Patients with both major forms of diabetes suffer from insufficient functional β-cell mass. Moreover, the sharp increase in the annual incidence of both type 1 (1.8%) and type 2 (4.8%) diabetes in the pediatric population in the last decades highlights the urgent need for discovering the mechanisms that regulate functional β-cell mass. β-cell proliferation, which reaches its maximal peak during postnatal stages is the major mechanism for increasing β-cell mass in early postnatal ages. We previously found that induction of the antioxidant regulator, Nrf2, is required for adaptive β-cell expansion under hypercaloric conditions via stimulation of β-cell proliferation, increased β-cell survival, and maintenance of β-cell identity in adult mice. Based on these observations, we hypothesize that Nrf2 regulates β-cell proliferation and survival at early stages of life and contribute to maintain normal β-cell mass later in life. Nrf2 expression levels were found to correlate with β-cell proliferation in wild type neonatal mice. Importantly, 28 day-old β-cell specific Nrf2 knockout mice (Ins1Cre-Nrf2lox/lox) exhibited 50% reduction in β-cell mass, 58% reduction in total islet number, 43% decrease in extra-large islets, 46% decrease in large islets and 53% decrease in extra small islets, compared to control mice. No changes in pancreas weight were observed. Additionally, depletion of Nrf2 in β-cells increased β-cell death in 7 (5.8-fold) and 14 (12.5-fold) day-old mice and attenuated β-cell proliferation in 1- and 7-day-old mice. Surprisingly, we also found a marked decrease in islet size in 1- and 7-day-old mice, suggesting that Nrf2 may affect β-cell proliferation, survival and/or development during embryonic stages. We conclude that Nrf2 is required for β-cell mass expansion in postnatal ages by controlling β-cell proliferation and survival.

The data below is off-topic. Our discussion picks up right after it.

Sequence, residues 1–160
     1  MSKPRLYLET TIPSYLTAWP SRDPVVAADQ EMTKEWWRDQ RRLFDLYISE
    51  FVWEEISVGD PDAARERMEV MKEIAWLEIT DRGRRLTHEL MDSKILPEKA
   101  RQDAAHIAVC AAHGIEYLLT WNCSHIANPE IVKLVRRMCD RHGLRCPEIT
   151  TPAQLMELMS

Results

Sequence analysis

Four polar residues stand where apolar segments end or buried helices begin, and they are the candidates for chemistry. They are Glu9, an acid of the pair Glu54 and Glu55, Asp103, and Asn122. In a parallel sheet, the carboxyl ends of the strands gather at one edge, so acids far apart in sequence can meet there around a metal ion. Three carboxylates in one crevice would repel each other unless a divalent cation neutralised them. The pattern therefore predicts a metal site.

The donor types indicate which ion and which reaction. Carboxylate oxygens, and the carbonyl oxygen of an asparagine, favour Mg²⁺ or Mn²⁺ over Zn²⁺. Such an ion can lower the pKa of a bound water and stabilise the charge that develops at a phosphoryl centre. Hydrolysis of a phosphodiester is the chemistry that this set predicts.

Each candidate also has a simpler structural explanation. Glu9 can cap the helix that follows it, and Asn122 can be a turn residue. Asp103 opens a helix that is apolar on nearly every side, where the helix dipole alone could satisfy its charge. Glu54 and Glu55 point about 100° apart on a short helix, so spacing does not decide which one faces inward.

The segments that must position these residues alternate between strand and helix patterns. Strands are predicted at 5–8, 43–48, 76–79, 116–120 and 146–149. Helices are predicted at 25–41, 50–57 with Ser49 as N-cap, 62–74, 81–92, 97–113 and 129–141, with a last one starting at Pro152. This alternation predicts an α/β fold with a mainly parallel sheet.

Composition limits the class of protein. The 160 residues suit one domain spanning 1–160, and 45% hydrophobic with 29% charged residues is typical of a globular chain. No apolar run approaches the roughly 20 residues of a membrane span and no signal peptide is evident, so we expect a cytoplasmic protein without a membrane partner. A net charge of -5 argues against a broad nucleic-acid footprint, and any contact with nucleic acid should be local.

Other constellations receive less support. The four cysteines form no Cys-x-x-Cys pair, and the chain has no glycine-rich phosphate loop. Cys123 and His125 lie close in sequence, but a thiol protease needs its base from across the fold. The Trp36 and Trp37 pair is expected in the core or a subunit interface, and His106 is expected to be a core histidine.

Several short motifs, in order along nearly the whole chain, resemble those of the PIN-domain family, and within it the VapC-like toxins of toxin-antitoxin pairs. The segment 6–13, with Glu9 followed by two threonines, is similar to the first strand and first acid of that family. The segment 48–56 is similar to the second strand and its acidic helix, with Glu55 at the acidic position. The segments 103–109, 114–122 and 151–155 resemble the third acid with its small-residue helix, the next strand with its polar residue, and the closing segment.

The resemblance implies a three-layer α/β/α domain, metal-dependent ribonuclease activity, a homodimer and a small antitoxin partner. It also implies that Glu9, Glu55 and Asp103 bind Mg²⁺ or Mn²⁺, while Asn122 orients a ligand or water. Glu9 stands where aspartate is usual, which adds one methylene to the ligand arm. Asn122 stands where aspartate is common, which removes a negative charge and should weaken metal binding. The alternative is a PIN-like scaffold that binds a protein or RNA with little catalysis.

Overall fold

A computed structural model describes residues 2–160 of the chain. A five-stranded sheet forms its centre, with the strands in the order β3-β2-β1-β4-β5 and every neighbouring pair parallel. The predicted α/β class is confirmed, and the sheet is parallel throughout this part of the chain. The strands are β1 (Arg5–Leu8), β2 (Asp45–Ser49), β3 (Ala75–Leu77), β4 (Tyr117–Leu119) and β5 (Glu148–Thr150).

Disclosure

S. Baumel-alterzon: None. A. Garcia-ocana: Consultant; Sun Pharmaceutical Industries Ltd. D. Scott: None.

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